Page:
Male Breast Cancer
Male breast cancer refers to cancer developing from the rudimentary mammary epithelium of the male breast.
Male breast cancer is a rare disease, accounting for 0.5–1 % of all diagnosed breast cancers in the Western world and <1 % of all cancers diagnosed in males. An increased incidence has been reported from North America and the UK, but reports on survival are contradictory. While the risk of breast cancer death overall has decreased over the past 20–30 years, this does not appear to be the case for men diagnosed with breast cancer. The incidence of male breast cancer increases with age. The mean age at diagnosis is approximately 5–10 years older (approximately 70 years) for men than for women (60–65 years) with breast cancer. Male breast cancer typically presents as a painless subareolar lump, often with nipple involvement and skin ulceration, but diagnosis is often delayed with many individuals presenting with advanced disease. Diagnosis is usually made...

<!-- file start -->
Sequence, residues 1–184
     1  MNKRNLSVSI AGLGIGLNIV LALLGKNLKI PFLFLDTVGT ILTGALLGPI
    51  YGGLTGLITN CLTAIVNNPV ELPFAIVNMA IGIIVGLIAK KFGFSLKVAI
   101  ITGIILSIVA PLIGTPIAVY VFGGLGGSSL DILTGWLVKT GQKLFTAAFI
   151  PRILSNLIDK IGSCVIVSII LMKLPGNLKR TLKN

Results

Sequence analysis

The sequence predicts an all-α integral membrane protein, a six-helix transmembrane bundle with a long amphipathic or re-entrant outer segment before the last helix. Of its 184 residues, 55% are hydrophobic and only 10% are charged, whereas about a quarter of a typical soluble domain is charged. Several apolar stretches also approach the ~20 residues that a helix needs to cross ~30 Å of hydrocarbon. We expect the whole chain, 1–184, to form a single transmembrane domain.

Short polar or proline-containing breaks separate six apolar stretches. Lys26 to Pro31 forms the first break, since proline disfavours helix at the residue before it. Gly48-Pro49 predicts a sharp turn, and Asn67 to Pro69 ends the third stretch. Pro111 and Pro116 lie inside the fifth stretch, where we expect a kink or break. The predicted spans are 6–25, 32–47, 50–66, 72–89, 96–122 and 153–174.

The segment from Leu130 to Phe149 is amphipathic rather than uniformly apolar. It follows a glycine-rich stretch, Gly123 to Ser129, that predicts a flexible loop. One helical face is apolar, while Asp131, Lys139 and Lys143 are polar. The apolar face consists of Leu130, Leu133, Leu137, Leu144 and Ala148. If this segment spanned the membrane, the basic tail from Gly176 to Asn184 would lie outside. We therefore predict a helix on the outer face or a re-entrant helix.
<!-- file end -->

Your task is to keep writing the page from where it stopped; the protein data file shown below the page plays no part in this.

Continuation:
KeywordsBreast Cancer Major Breast Invasive Ductal Carcinoma Lobular Carcinoma Male Breast
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